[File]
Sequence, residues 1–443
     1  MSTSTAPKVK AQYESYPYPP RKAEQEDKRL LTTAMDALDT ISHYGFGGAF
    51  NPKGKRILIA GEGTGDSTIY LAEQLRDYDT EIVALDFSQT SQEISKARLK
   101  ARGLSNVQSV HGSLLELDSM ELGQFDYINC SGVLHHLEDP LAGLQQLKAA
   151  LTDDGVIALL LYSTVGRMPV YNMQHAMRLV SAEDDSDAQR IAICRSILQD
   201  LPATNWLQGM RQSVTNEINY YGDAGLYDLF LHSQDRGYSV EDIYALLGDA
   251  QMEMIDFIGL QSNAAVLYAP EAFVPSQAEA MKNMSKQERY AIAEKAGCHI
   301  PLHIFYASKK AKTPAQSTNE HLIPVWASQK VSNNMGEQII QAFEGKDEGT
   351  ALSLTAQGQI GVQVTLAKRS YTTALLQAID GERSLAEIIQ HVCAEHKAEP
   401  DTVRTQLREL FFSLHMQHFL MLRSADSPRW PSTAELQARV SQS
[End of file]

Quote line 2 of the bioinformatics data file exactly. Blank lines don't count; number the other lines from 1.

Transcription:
     1  MSTSTAPKVK AQYESYPYPP RKAEQEDKRL LTTAMDALDT ISHYGFGGAF